‘From Versailles to YouTube: Encounters With Redface in French Baroque Opera, Then and Now’

Caroline Elliott, Joseph McHardy

Research output: Contribution to conferencePaper


In 2004, the Opéra de Paris in collaboration with Les Arts Florissants produced Jean-Phillippe Rameau’s Les Indes Gallantes (1735), an opera of romantic intrigues set in four different “exotic” locales: the Ottoman empire, Peru, Persia, and North America. Directed by Andrei Serban (now ex-theatre professor at Columbia, having resigned due to the “pressure of political correctness”), the performance features among other elements copious amounts of redface, portrayals of North American indigenous dance as involving exaggerated limb flapping and chest beating, and the worship of an enormous golden turkey. Contemporary productions of French baroque opera and ballet follow on from a centuries-long tradition in which mythologising a colonial “other” was a key aspect of world-building, storytelling, and the identity development. This paper will ask why and how various indigenous peoples from North, Central, and South America were depicted in early modern French opera and ballet. It will show how these representations helped produce a stereotype that could be translated into a mythical concept that would become popular within the genre in the form of the “savage” trope. By incorporating studies of Ursuline “boarding houses” in Algonquian lands and their impact on convent schools in France, it will demonstrate how use of opera and ballet in early modern educational institutions for French girls racialized notions of grace, beauty, honour, and piety through the creation of a mythologized “other,” and how this racialisation influenced wider standards for said notions across early modern Europe. The COVID-19 global pandemic has periodically resulted in people’s experiences of the performing arts being mediated primarily by the algorithm and the search bar rather than the material world of performing arts institutions. As such, performances are no longer confined to attendees of the live performance or the owners of an institutionally produced DVD, but rather can appear unexpectedly to anyone who happens to type the right combination of words into a search engine. In light of this, this paper will also reflect on how 21st-century artists, institutions, and audiences have engaged with encountering the legacy of the “savage” trope in French baroque music alongside awareness of modern-day erasure of indigenous peoples and cultures across the Americas. It will discuss the aforementioned production of Les Indes Gallantes in 2004 and its reception, and contextualise it with other contemporaneous performances and critiques. It will then discuss one of the most recent productions of the opera, another production by Opéra de Paris in 2019 featuring a collaboration between choreographer Bintou Dembélé and Clément Cogitore.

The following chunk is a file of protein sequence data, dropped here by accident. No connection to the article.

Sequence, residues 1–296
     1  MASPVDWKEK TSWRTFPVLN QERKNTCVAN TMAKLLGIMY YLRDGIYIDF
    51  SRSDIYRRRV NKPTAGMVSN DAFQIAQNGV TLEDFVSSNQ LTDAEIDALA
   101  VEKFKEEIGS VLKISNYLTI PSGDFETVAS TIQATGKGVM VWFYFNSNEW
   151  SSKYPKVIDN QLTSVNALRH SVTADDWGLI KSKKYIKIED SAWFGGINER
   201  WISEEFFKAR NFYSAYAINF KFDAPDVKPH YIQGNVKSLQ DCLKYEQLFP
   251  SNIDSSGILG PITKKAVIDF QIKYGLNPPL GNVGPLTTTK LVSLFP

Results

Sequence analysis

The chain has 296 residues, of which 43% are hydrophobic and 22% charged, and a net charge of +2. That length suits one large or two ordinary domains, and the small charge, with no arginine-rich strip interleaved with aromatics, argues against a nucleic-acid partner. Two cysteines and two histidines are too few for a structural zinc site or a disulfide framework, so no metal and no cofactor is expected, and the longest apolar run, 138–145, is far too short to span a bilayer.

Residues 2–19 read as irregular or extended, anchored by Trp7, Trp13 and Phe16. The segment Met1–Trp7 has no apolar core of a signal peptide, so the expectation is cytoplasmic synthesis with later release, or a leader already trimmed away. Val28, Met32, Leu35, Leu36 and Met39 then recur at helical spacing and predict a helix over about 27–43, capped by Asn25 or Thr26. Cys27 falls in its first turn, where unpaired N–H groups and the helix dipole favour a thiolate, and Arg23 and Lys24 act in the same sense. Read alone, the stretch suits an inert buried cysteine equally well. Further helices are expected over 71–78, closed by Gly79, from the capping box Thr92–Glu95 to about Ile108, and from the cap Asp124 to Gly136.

Original languageEnglish
Publication statusUnpublished - 12 Apr 2022
EventThe Society for the Study of French History annual conference: Enocounters/Rencontres - Exeter College, University of Oxford, Oxford, United Kingdom
Duration: 10 Apr 202213 Apr 2022


ConferenceThe Society for the Study of French History annual conference
Abbreviated titleSSFh
Country/TerritoryUnited Kingdom
Internet address


  • baroque
  • early music
  • French music
  • colonialism
  • performance practice
  • Digital Humanities
  • Ballet

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